Thank you for joining the VeDA Ambassdor Board and raising awareness about vestibular disorders in our local and online communities! Here are some tools that you can use to set goals and share information. Questions?
The visual and vestibular systems work together to allow a person to move about. Because these two systems are so closely integrated, any disruption in the processing of either system can have a negative impact on a person’s sense of balance.
Cataract surgery can cause a dramatic change in the way a person visually experiences their world, and most of the time the effect is positive. However, if the brain is used to seeing the world from a certain perspective, and that perspective has suddenly been shifted, the disruption in the visual system can in turn cause sensory incoherence with the visual-vestibular connection.
Patients who have a pre-existing vestibular dysfunction are more at risk after cataract surgery. There are also various visual characteristics that may increase the likelihood of disrupting the visual-vestibular connection. Patients with significant corrections in their eyeglass prescription may have trouble adjusting to a new prescription, especially during the time between the first and second cataract surgery. Between the two procedures the prescription in one eye will typically be neutralized while the other eye remains the same. The difference between the two prescriptions can be hard for patients to adjust to at first. Any feelings of dizziness or nausea are typically resolved with the surgery for the second eye, but in rare cases the disruption can cause symptoms that may be hard to overcome. The real problem arises when the cataracts don’t mature symmetrically, and one eye needs surgery well before the other eye.
Due to the technological advances of the implantable lens that is used during cataract surgery, a patient now has many different options concerning the visual outcome they desire. More specifically, there are options available today that allow a patient to see in the distance and up close without the aid of glasses, at least to some degree. The two most popular options are multifocal intraocular lenses and a monovision outcome. Multifocal intraocular lenses allow the patient to use both eyes to focus on objects up close and far away. Monovision purposely sets one eye to focus on distance objects, while the other eye focuses on near targets. Both visual experiences are far different (and less efficient) than normal human vision, and as such can be difficult for the brain to adjust to, especially for a patient with a vestibular disorder.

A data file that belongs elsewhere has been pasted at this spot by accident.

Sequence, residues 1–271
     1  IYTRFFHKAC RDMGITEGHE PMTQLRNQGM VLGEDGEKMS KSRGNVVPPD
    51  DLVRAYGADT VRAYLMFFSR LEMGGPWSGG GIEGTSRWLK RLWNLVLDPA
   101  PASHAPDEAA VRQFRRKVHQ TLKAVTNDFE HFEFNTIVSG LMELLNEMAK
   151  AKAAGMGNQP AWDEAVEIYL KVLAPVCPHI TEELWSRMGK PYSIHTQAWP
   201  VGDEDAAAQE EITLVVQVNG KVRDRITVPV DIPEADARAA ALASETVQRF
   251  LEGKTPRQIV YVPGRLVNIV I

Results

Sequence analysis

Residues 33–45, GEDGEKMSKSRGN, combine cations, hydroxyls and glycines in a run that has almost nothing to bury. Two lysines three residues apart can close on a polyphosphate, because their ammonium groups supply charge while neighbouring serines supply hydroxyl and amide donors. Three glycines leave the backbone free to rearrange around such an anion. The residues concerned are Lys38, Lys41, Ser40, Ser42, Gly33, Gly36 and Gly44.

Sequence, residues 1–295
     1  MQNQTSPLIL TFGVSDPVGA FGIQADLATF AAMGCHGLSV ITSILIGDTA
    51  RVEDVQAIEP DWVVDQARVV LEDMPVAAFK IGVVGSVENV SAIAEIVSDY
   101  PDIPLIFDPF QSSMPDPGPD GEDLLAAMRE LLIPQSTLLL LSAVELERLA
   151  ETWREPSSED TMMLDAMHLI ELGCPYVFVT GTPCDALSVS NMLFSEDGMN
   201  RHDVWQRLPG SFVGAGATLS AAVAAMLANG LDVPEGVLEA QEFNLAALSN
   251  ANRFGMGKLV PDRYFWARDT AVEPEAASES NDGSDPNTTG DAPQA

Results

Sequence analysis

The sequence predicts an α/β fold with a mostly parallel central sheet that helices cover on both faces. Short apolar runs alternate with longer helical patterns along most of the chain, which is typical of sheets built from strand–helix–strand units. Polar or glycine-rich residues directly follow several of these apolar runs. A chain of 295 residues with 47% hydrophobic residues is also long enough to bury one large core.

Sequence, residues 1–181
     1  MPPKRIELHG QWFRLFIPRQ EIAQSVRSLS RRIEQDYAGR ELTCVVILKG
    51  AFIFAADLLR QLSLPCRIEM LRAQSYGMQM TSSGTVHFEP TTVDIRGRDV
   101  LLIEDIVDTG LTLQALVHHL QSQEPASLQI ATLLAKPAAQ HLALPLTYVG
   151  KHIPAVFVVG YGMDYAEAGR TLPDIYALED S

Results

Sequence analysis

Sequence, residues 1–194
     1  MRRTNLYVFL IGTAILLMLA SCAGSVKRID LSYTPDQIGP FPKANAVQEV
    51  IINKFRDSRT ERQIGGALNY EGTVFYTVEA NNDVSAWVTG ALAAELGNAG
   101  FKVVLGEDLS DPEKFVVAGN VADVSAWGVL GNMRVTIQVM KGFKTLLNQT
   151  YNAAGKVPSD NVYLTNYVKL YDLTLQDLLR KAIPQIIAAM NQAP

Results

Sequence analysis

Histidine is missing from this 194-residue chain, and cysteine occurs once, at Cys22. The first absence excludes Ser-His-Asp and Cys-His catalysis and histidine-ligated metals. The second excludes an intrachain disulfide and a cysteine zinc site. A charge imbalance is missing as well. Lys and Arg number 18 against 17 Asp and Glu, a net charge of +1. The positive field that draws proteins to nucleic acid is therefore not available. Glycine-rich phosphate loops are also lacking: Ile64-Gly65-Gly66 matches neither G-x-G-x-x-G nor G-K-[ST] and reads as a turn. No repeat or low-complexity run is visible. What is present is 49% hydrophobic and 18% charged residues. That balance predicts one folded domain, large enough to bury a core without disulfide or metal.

The key to success centers on communication between the doctor and the patient before surgery. Any pre-existing condition, especially a vestibular condition, should be thoroughly explained with all options explored. For most patients the safest result would be to choose to have both implants focused for distance, and to use glasses to see up close. This is generally the safest option as it most closely mimics how our vision is naturally used, emphasizing symmetry between the two eyes and encouraging our brain to use both eyes together. This set-up should also provide the smallest amount of disruption to the visual-vestibular connection. Extra caution should be given to the patient who is considering a multifocal implant or a monovision result, as well as the patient who is only having one eye operated on for the foreseeable future. Contact lens simulations before the surgery can be used to mimic the multifocal and monovision outcomes, and should be considered, if possible.
Author: Nathan Davis, OD, COVD, NORA